Quiet people

John and I are quiet people. There are (many) days when we want nothing more than to be alone with our books, content to pass each other in the kitchen going for refreshment, only to return to our separate office caves.

Or this: he’s working at his desk and I’m sitting with my feet up on the ergonomic “milk” chair we (meaning John’s father and stepmother Lita) purchased for nursing the boys. We’re in the same room together; I’m reading, or dozing, or just staring up at the cow skull with horns he uses to hang his bags.

But we do not live with quiet people. We live with manic hooligans. Granted, we begot them (and take turns taking blame for their raging mania— “Sorry Jenny, it was my sperm.” “Forgive me John. My eggs.”), but some days it feels like God’s sense of humor might have got the better of him this one time.

So instead of doing what we’d like, we try to move on to the next best things. Today that means wrangling G into helping me make a big pot of vegetable broth (he loves chopping up raw carrots and garlic with a table knife—the only knife he’s allowed to handle) while J sips a “cuptail” (G’s word for cocktail) at the bar. G’s into cuptails. He’s a great juicer and enjoys a virgin mix of selzter, simple syrup, and lime. He and I introduce J to the wonder of it all today.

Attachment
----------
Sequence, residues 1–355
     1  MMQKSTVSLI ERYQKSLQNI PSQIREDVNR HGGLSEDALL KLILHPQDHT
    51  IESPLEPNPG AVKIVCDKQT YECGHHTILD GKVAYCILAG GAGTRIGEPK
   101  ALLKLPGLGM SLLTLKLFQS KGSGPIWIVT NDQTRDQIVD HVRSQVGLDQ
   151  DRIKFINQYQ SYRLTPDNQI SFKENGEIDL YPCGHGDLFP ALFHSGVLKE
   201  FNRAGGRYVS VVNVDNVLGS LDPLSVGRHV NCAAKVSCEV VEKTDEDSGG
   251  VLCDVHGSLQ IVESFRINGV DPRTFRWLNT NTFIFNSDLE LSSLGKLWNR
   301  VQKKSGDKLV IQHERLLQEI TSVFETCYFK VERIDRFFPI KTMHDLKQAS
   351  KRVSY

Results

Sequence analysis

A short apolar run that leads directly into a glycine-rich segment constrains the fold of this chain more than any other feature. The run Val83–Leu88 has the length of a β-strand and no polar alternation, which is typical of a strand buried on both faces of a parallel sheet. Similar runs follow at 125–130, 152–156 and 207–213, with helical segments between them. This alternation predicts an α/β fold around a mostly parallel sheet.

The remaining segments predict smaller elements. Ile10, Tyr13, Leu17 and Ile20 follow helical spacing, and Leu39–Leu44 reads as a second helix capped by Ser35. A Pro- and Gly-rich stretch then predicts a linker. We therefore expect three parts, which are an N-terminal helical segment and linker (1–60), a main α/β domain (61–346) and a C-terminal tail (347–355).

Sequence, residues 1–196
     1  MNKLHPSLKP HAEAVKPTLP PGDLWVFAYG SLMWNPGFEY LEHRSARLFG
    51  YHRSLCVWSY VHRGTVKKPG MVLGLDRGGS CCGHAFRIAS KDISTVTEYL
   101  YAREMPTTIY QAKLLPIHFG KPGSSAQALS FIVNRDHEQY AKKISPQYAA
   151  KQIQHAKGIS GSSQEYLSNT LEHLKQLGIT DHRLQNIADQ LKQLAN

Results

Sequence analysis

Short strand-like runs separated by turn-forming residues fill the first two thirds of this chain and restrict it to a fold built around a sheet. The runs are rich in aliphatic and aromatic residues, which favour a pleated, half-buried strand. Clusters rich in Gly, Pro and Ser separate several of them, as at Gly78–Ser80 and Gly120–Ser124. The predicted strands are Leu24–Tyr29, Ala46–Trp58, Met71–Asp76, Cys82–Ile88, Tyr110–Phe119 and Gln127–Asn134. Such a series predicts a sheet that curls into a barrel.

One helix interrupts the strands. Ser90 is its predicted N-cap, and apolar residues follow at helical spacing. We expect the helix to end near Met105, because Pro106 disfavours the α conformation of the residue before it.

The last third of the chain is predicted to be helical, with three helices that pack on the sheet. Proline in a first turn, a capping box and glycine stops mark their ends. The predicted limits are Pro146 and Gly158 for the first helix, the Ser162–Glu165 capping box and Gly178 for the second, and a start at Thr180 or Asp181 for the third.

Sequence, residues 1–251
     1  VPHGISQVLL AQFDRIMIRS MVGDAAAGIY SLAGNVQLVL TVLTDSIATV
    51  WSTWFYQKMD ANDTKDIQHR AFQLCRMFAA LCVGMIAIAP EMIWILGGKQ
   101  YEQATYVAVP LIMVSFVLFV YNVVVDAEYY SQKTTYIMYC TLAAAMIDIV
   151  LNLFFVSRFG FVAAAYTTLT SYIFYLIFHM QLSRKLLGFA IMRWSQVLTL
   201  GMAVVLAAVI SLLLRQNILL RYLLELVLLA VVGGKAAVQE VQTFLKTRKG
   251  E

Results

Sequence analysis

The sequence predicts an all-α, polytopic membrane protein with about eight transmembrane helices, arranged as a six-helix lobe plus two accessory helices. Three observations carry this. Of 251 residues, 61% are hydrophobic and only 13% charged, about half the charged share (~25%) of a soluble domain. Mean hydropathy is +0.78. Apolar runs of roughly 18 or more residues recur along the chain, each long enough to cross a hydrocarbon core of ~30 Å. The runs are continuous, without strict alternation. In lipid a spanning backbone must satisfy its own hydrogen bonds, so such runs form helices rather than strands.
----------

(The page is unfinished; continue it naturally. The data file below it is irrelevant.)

And when a brotherly knock-down-drag-out erupts over the special carrot I discover in the Nature’s Market carrot bunch,

carrot twistbroth soup

John takes over, blasting Moby’s “Lift Me Up” (so as to distract them from scratching each other’s eyes out) with a club dance party in the playroom. Soon Jonah is complaining, saying he’s feeling sick (could still be the stomach flu he was sent home with Thursday or the fact that he fell six feet out of a tree and landed in a snow/ice drift on his back before lunch), so John whisks him off to the gym, hoping they’ll allow a six-year-old minus a membership through the doors.

G is understandably furious that he’s being left, so he and I get ready for a field trip to the attic above the garage in search of adventure (also known as the wheatgrass juicer).

But before we go, he tries to make sense of the Patagonia catalog:

patagonia catalogpatagonia catalog 2

These coats standing by themselves! Where are the kids? Somebody take them [the coats] home. Where the kids? Might be in the bathtub!

Which, reasonably, gives him the idea of dumping the rest of the seltzer water (see above) on the catalog that I was actually looking forward to reading (Patagonia ambassadors—want to be a Patagonia ambassador—are remarkably good writers). Destruction takes the day again.

[O, and the gym was closed. So we’re back to keeping them from scratching each others’ eyes out.
To the attic we go…]

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